Wearing your best clothes doesn’t stop you wanting to roll down hills. The wedding was in the club house at the fabulous Celtic Manor Resort. A mass of rolling hills onto a Ryder Cup golf course. A perfect attraction for kids who see grass stains and mud streaks as a badge of honour.

You can’t make your kids look smart if they don’t want to. A little girl sat behind us in the ceremony refused to wear her pretty hairband for the service or the photos. Once the formalities were over, she grabbed the offending article from her mum stuck it on her head and refused to remove it until bedtime! Typical….

It’s hard to keep children quiet during the ceremony. To be fair mine were really good (we had a big chat about it beforehand so they knew they had to keep stum) but I was at a wedding once when a little lad piped up “Who’s that monster?!” when the bride walked in – not the reaction she was after

Disposable cameras are a great distraction on the tables but don’t expect too many high quality shots. Once mine had figured which way round to hold it, how to roll it on and dealt with the fact they couldn’t instantly see the shots they’d taken, the camera on our table was full in seconds.

You’ll need a smart mummy bag (or rucksack) – for previous weddings I have invested in a little clutch bag, something sparkly and impractical that just about fits my bank card and lipstick. Not this time, I needed something big enough to fit in changes of clothes for the four year old (the potty training saga continues), the whole range of Jake and the Neverland Pirates characters, a pen and paper for the artistic seven year old, snacks, a water bottle, cardigans and their massive Vtech cameras! A bin bag would have done but in the end I managed to find something that looked slightly more attractive, that was big enough for all their stuff and my lippy!

Favours are a great snack – wedding breakfasts are always served at odd times. You wouldn’t normally sit down to a three course meal at 4pm on a Saturday afternoon and most guests miss lunch and are starving by the time the food arrives. I made sure the kids had massive breakfasts so they wouldn’t whine too much about their stomachs but the moment we sat down to eat they wanted feeding.  Whilst we were waiting for the bread rolls to come round, they spied the favours – personalised M&Ms with little pictures of the gorgeous bride and groom printed on them. My kids didn’t notice the pictures, or the pretty organza bags. All they saw were sweets – within 2 minutes every bag on the table had been devoured! They were definitely enjoyed but maybe not appreciated in the way that had been intended.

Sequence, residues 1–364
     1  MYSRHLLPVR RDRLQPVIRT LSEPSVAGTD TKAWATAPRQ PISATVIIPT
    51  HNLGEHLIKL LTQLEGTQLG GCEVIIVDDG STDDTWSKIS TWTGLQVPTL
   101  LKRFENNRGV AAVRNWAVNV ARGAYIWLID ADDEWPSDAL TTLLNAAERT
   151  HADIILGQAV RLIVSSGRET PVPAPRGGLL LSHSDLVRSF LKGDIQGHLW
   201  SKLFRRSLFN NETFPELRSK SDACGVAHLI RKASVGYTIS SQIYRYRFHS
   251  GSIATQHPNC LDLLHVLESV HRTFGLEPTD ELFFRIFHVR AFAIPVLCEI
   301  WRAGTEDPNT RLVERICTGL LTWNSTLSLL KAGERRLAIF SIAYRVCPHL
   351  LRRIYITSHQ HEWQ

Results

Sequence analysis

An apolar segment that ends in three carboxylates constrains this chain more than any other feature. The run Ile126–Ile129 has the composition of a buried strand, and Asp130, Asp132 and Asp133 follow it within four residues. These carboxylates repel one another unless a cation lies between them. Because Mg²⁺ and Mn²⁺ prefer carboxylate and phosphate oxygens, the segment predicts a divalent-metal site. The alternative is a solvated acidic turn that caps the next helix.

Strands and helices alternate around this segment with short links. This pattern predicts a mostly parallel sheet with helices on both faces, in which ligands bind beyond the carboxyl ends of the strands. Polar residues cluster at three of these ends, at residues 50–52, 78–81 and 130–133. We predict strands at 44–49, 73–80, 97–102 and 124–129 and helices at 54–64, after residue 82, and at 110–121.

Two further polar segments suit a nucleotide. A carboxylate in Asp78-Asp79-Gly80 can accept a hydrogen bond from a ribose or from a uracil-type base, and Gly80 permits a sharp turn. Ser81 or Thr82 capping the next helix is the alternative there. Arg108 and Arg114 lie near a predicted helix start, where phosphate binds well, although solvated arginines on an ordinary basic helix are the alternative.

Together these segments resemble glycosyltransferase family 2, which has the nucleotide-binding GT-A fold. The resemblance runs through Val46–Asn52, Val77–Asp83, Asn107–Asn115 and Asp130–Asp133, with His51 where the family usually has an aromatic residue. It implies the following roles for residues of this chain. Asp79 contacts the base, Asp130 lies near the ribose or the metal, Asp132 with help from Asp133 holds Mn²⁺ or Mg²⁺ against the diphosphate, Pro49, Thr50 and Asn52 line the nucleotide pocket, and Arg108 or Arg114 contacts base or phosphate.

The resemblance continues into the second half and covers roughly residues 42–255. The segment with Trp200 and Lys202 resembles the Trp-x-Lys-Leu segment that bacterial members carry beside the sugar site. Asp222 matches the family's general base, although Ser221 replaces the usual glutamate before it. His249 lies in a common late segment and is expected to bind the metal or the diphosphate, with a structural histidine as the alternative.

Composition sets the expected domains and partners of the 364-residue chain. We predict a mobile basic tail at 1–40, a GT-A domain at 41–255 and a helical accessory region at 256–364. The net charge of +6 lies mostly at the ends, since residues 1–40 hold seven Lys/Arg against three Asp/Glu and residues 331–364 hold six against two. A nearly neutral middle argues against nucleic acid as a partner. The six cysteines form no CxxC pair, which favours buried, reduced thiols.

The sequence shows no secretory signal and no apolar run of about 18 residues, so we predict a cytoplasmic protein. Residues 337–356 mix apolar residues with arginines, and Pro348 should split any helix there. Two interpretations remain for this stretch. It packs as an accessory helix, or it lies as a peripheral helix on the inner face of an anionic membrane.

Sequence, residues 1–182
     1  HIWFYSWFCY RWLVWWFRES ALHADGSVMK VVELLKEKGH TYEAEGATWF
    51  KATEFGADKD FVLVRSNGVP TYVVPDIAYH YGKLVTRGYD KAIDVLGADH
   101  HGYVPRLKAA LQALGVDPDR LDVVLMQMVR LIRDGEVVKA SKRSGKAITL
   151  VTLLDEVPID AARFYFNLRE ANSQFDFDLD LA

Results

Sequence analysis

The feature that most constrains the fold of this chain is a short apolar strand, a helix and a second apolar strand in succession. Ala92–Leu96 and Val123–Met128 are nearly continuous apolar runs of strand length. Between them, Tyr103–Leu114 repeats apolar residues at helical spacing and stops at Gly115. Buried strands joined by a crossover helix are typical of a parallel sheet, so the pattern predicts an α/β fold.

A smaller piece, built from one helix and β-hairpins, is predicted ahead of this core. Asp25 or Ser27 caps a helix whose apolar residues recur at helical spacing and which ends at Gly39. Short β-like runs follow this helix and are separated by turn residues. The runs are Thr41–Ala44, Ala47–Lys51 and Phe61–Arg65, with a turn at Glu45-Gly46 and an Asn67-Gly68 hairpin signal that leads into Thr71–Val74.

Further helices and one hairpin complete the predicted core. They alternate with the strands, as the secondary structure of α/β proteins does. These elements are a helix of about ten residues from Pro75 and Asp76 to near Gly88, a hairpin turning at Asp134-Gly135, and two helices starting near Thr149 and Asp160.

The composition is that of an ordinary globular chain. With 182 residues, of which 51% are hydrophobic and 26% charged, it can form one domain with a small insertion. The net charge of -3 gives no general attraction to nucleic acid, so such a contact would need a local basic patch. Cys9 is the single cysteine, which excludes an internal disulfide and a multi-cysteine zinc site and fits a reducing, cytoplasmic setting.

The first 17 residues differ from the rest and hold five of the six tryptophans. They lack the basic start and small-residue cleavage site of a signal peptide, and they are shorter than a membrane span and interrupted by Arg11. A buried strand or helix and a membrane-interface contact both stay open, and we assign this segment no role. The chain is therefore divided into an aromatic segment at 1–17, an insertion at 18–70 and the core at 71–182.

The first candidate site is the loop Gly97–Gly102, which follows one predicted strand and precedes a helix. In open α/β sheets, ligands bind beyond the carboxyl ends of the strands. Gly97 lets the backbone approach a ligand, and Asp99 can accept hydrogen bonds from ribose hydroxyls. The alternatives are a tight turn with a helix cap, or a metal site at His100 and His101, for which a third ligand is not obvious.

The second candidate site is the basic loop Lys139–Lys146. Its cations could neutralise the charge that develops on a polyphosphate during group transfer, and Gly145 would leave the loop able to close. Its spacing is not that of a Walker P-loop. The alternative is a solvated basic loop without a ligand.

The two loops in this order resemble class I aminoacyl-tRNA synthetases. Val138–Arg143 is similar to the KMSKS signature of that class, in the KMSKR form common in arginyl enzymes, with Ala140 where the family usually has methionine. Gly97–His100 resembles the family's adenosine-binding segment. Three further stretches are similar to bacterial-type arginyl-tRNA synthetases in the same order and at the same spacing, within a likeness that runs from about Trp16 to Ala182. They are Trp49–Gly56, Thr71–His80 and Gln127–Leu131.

Kids can bond over anything. During the speeches (which were funny but longer than an episode of Hey Duggie so lost on the kids), my two went outside to play. Before long they were playing hide and seek with some of the other kids from the wedding, sharing toy cars and picking daisies. They kept each other entertained and had a great time whilst the grown-ups could concentrate on the important bit.

The disco will keep them entertained – once the lights flashed and the DJ started, all the kids were happy. They took over the dance floor not letting anyone over the age of 12 get a look in. The only bad thing was just as mummy and daddy were finding their mojo and busting some moves (?!) the little ones hit a wall and we had to head off to bed – having your style cramped by a seven year old hurts!

When I asked both of mine what the best bit of their first wedding experience was the answer was a resounding “staying in a hotel” – the two nights in a Premier Inn was the highlight for them which kind of reinforces my theory that the romance, fun and gravitas of a wedding is lost on anyone under the age of 15.

 

 

 

 

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(Not) working 9-5…

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Before I had kids I was a career woman – OK I didn’t rock the shoulder pads and kiss ass attitude but I moved around the country to further my journalism and PR career with little thought for anyone but me.

Obviously that all changed when the little ones came along and I took the decision to cut my hours. It wasn’t an easy decision and I’ve struggled with it practically every day since.